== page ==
If you’re lucky enough to be involved in the world of search engine optimization, you will no doubt have a plethora of tools readily equipped in your digital arsenal; tools which you simply cannot live without (if you want to retain your job).
There is heaps of information out there, tons of data and masses of analytics to decipher. If you don’t take action on this ‘big’ data (sorry, clichéd term) then you will be missing out on a chunky piece of the measurement pie. And boy it’s tasty.
Anyway, swiftly concluding the intro babble…
Today, ladies and gentlemen, I bring you the SEMrush dashboard (along with some super simple yet effective techniques for better reporting).
Trick #1: Clean Out Your Keywords for Accurate Reporting
One of the key features of SEMrush is the keyword visibility graph (Tools > Position Tracking > Visibility). Providing a top-level indication of overall keyword performance spanning your whole data set, you could say it’s pretty handy.
Now, the visibility percentage is calculated by total number of keywords and their individual ranking within the top 100 positions.
This means if you’re tracking irrelevant terms or those which aren’t conducive to your current SEO campaigns, your visibility percentage will indicate a very low number. Bad for your in-house reporting. Bad for your clients’ perception if you’re an agency.
My advice is to conduct extensive head term and long tail research, plug as many as possible into SEMrush for the first month, then clear out your dash following this period. You will soon see which keywords are both opportunistic and realistic. Terms can always be added later on for specific campaigns.
Trick #2: Say NO to ‘Not Provided’ Keyword Data
Okay, it’s obvious we’ll never get keywords back in Google Analytics (article explaining possible reconsideration of ‘Not Provided’ keywords, dating back to March 2014!) but SEMrush does give us an inkling into the most likely searches which resulted in website visits to pages of interest.
Under (Organic Research > Pages) you are able to view each of your pages in priority order. They are default sorted by total traffic, highest first. The ‘Traffic’ column displays the percentage of traffic which individual pages contribute, followed by the column ‘Keywords.’
If you click a result under this column, you will be greeted with all the potential terms which are likely to have directed the organic traffic.
This is extremely powerful! Who said keyword data was dead?
Use the data to mine further long-tail keywords to target and track. Click the ‘Export’ button to transfer all this exciting stuff into an Excel document where you can filter and sort to your heart’s content.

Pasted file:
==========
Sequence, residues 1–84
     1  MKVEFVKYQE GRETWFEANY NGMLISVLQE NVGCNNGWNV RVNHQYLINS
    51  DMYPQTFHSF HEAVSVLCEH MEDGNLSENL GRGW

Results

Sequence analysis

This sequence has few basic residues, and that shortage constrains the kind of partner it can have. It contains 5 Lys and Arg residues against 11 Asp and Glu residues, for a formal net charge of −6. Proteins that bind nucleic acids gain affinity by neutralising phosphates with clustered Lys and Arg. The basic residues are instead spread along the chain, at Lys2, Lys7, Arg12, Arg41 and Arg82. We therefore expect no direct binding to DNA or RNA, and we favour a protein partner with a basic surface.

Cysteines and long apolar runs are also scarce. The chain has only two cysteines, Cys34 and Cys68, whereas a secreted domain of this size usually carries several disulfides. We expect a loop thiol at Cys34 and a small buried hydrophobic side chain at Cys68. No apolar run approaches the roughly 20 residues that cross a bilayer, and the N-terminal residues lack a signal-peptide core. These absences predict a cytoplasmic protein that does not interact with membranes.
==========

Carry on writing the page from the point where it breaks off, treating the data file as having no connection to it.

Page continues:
Trick #3: Compare Your Competitors' Organic Stance
It always pays to be aware of your market, your position within and why you are in that position. This is true online and off.
The Competitors section (Organic Research > Competitors) displays a visual representation of your website’s organic positioning in relative comparison to competitor sites.
Immediately, it becomes clear who is dominating and similarly, losing the battle.
You will have the ability to investigate all your competitors’ keywords under ‘SE Keywords,’ unveiling a wealth of opportunity for your own campaigns.
Again, export all the data to facilitate comprehensive Excel analysis.
Delve further into the individual data by selecting a colored circle in the chart. (Each circle represents a competitor.)
Trick #4: Use PPC Data to Build your Content Strategy
There have been many debates about SEO vs PPC – why not leverage both strategies and amalgamate them?
Your competition are paying for ads right now. The ads which are showing are most likely the result of multiple split tests and optimization.
This is an ideal opportunity to take your competitor’s experimentation and use it for your own content strategy – at no expense!
A quick way of viewing a specific competitor’s ads is to navigate to (Advertising Research > Ads copies) in the SEMrush dashboard.
From this you will be able to get a grasp of the titles and descriptions which are doing a great job of attracting attention, without wasting loads of time searching in Google. (Businesses lose enough time as it is.)
Use the information to craft topics and titles for your organically purposed content! (Also great for content marketing ideas.)
Trick #5: Take Heed of the Winners and Losers Report
If you are completely stuck for ideas and wonder how you can improve your SEO methodologies, the Winners & Losers report is the place for you (Ranks > Winners & Losers).
This is a generic breakdown of the top websites appearing in Google for both organic and paid positions.
How is this helpful to you?
Firstly, within this report may lie a brand which is similar to your own. This makes mimicking their strategy a viable concept.
Secondly, if nothing in this report is relevant to your business, you can still analyze the top dogs to see what they are doing right.
Finally, what are the losers doing wrong? Dig further into these domains to discover tactics to steer clear of. Recent drops in ‘SE Traffic’ may correlate with recent Google updates, making this a goldmine for your own prevention of traffic loss and equally, your creation of an opportunity analysis.
Use the sorting options to sift through the data and export for comprehensive Excel crunching!
What are your favorite insight tools on SEMrush? I’d love to hear them!